Women, particularly those belonging to the lower castes, continued to be victims of violence and sexual abuse. In a positive step to promote gender equality, the Supreme Court of India gave women the same rights as men to act as natural guardians of a minor. Gita Hariharan's application for financial bonds in the name of her minor child had been rejected by the Reserve Bank of India on the basis of the Hindu Minority and Guardianship Act of 1956, which regards the father, and only after him the mother, as the natural guardian of a minor. The Supreme Court ruled that the provision "after" had to be struck down from the act as it violated gender equality
Defending Human Rights
India's vibrant human rights movement continued to grow despite some setbacks. While most organizations were allowed to function freely, social action groups working with marginalized communities faced continuous harassment and intimidation. On December 10, 1998, the National Campaign on Dalit Human Rights was officially launched in New Delhi. Among the campaign's demands were the abolition of untouchability practices, the effective implementation of the 1989 Scheduled Castes and Scheduled Tribes (Prevention of Atrocities) Act, and increased intervention by U.N. bodies and the international community against caste-based violence and discrimination.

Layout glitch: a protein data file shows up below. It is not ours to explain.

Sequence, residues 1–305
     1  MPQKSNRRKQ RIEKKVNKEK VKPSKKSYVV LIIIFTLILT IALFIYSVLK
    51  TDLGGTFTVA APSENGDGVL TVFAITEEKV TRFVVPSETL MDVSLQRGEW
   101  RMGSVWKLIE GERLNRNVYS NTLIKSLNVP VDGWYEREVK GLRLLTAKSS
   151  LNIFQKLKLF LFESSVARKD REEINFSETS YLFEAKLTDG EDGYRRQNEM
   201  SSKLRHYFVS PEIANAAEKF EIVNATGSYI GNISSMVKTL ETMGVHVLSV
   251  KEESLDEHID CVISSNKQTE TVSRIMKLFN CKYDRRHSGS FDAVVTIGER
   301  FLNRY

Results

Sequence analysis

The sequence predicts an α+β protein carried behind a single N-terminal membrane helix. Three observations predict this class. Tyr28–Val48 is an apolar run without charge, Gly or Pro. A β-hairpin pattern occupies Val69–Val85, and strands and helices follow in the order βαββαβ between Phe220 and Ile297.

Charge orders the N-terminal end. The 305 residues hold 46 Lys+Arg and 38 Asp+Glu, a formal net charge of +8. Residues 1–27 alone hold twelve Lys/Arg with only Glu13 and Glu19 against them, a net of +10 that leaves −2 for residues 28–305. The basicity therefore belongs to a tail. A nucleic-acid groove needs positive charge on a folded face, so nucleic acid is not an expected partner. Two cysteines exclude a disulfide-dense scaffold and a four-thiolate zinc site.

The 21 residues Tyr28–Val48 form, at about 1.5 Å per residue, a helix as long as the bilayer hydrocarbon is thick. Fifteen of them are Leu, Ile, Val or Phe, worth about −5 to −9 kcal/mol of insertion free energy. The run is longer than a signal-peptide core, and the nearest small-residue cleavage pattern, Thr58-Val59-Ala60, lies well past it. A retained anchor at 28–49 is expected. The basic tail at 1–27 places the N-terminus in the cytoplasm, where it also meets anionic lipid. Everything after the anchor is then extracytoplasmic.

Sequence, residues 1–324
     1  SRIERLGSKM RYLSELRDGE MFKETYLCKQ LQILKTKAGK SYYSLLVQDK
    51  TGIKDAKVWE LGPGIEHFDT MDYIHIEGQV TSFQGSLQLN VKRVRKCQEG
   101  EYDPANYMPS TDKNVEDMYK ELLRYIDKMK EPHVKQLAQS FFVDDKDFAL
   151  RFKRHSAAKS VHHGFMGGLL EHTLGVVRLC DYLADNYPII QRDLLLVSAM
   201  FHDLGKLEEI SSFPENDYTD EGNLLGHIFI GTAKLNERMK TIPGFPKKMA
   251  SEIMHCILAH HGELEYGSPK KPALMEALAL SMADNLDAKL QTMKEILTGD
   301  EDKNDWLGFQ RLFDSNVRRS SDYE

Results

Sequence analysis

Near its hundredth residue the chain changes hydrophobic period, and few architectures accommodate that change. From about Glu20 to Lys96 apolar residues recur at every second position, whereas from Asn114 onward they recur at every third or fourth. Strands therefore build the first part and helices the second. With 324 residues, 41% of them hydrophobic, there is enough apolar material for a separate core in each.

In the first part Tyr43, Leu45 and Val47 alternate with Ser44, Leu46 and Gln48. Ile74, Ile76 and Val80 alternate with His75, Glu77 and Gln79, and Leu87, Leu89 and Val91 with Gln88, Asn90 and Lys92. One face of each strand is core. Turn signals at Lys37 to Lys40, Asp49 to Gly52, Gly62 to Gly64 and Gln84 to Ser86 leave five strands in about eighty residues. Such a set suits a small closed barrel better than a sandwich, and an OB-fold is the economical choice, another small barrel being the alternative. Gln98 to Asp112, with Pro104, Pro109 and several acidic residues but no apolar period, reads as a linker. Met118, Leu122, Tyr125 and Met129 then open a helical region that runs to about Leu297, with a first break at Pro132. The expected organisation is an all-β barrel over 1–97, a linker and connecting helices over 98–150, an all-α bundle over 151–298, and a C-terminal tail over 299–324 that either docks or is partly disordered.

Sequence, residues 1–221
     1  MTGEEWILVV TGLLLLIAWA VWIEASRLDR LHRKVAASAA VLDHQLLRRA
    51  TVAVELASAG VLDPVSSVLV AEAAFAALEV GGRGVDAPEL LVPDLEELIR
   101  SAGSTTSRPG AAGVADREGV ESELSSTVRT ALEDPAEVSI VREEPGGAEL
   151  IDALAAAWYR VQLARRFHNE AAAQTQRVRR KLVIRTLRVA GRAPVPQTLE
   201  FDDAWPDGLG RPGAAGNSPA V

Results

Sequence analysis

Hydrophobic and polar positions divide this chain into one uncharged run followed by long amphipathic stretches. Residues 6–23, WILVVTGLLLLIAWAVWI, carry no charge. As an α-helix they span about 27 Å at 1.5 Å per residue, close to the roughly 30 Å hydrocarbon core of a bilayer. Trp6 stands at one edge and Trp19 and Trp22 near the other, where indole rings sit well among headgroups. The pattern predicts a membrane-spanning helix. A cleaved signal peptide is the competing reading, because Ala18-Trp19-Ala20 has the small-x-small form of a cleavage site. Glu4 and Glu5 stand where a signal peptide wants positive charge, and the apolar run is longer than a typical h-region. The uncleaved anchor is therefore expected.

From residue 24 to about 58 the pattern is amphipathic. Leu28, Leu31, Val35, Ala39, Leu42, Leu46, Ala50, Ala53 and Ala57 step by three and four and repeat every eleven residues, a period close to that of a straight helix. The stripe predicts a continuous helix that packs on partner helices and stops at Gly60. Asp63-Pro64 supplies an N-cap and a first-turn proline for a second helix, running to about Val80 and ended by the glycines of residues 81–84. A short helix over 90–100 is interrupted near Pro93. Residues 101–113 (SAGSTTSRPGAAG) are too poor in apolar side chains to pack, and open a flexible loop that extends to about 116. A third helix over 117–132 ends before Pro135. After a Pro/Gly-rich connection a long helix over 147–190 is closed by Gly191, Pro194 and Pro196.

On February 11, members of Parivartan, an NGO working with Dalits and landless agricultural laborers in Gujarat, were attacked in Padra village. Sixteen Dalit women, who had come to attend a tailoring course organized by Parivartan's women's co-operative, were among those physically assaulted by local strongmen. Police officials agreed to register a complaint only after the Home Ministry's intervention. In 1998, the Hindu group VHP had issued a press statement claiming that Parivartan was trying to convert Gujarat's entire tribal belt to Christianity-a charge that the NGO has denied. On June 11, four fishworkers were killed and thirteen were injured when police opened fire on an anti-shrimp culture protest organized by the NGO Chilika Matsyajibi Mahasangh in Orissa. Despite a Supreme Court ruling prohibiting shrimp farms within a thousand meters of the Chilika lake in Orissa, a number of shrimp farms had obtained support of local politicians and bureaucrats.
On July 23, police action against lower-caste laborers in Tirunelveli district, Tamil Nadu, resulted in the loss of seventeen lives. The victims, including two women and one child, were among those protesting working conditions at a local tea plantation and demanding the release of 652 workers arrested following a demonstration on June 8. Members of the police and reserve forces chased the victims into theThamiraparani river where they drowned. In July, political parties in favor of the building of the Sardar Sarovar dam across the Narmada river in western India burned copies of the book, The Greater Common Good by novelist-activist Arundhati Roy. Roy, whose book discussed the social and environmental costs of the Narmada project, including large-scale population displacement, was part of a larger people's movement against India's big dam projects. Facing threats from the youth wings of the BJP and the Congress party, bookstores in Ahmedabad city, Gujarat, also began to pull the book from their shelves.